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Food Plot Management

Deer/Plot Management will be articles and information to help you better understand how to prepare and manage your land.

Monday, June 05, 2017
Laying Out Your Food Plots - Part II

Tecomate

Distribution And Size
Ok, you have a handle on the total acreage of food plots needed, but how many plots do you need, what size should they be and where should they go. You can’t really answer any of these questions without giving thought to the others since they’re all related and interdependent. The number of plots depends in part on what size they are, and vice versa. And, in areas with limited tillable land, the distribution of the tillable land and how much of it there is at each site will go along way in determining both the number and size of food plots. Still, there are ways to come to logical decisions.

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Posted by David Morris on 06/05 at 07:25 AM
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Tuesday, May 30, 2017
Laying Out Your Food Plots - Part I

Tecomate - Consulting and Food Plot Services

You like the idea of more and bigger deer on your property, and you’ve become convinced that food plots can help get you there. You’re ready to commit the time and resources necessary to get into an agricultural-based food-source management program, the kind that’ll significantly enhance the nutritional plane of the property, not just attract deer to a field. In short, you’re ready to start “farming for deer” so you can get the most from your land, investment and deer hunting. Now what?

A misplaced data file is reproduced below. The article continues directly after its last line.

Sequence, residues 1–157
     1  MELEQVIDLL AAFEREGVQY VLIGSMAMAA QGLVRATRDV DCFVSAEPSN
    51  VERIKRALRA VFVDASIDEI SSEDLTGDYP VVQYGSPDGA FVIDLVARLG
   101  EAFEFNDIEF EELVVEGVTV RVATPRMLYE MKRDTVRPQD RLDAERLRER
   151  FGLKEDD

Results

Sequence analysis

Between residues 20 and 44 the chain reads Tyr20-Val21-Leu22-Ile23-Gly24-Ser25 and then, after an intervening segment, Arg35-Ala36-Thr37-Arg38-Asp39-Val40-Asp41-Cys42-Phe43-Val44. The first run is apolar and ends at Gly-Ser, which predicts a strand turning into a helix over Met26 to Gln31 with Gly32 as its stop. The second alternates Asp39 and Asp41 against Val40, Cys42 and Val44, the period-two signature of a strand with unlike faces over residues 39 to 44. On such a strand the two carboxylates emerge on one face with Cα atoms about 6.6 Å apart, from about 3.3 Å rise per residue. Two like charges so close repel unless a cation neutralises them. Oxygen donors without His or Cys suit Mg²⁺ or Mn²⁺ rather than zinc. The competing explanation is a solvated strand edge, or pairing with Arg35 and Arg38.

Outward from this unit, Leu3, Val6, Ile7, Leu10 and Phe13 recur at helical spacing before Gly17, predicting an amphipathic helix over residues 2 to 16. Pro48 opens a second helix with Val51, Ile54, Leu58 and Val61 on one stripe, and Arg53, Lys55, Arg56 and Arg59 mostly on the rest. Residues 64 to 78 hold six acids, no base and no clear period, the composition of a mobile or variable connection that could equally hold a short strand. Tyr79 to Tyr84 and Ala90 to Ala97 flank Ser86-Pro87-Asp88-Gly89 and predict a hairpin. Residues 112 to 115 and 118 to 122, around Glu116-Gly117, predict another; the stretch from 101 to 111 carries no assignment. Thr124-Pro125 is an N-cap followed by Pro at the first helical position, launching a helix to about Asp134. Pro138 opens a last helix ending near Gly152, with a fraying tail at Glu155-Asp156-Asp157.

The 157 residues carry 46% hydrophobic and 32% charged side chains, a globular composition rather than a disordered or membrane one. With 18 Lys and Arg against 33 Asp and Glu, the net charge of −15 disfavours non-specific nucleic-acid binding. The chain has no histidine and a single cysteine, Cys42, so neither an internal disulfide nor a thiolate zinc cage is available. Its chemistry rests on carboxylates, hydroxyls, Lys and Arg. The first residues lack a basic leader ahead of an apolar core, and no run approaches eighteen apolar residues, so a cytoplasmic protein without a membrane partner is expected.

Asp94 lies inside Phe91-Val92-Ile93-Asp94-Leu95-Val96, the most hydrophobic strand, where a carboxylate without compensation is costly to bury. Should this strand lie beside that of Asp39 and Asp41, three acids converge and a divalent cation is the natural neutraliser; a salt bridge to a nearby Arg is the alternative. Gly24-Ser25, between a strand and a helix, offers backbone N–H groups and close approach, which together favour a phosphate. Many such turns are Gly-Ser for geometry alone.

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Posted by David Morris on 05/30 at 07:25 AM
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Tuesday, May 23, 2017
Management Minute with David Morris!

Good reproduction is key in management and the engine that powers a program. Simply stated, the number of deer coming into the herd will determine the number YOU can take out. The reproductive rate is the number of fawns per adult (1½ and older) doe entering the fall population. Don’t confuse the number of fawns born with the number entering the fall population. A lot of fawns can die between the time they are born and the fall. Being born is easy; surviving for 5 or 6 months is not…when you’re a fawn. Nutritional stress, bad weather and predation are the main culprits in poor reproduction. Coyotes especially can be a huge factor in fawn survival.

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Posted by David Morris on 05/23 at 07:23 AM
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Tuesday, April 11, 2017
A Natural Herd

Recently, a frustrated hunter called to bemoan his lack of success and said to me, “If you had to hunt a ‘natural’ deer herd like the one I hunt, you wouldn’t have all those big bucks on your wall.”

Tip 1: The disgruntled hunter went on to describe the deer herd he hunted, which like all too many turned out to be half-starved, doe-heavy and buck-depleted. But the beleaguered caller was right about one thing – if I had to hunt a herd like that, my wall would be darned near empty. But he was dead wrong about another thing – the herd he hunted definitely was NOT NATURAL! A natural herd is well-fed and healthy, has nearly as many bucks as does and sports plenty of older bucks. Many hunters have become so accustomed to out-of-balance, over-crowded, unnatural deer herds they don’t even realize their sad state of existence.

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Posted by Tecomate Wildlife Systems on 04/11 at 02:25 PM
Food Plot ManagementPermalink

Monday, April 03, 2017
Management Goals & Possibilities - Tip 3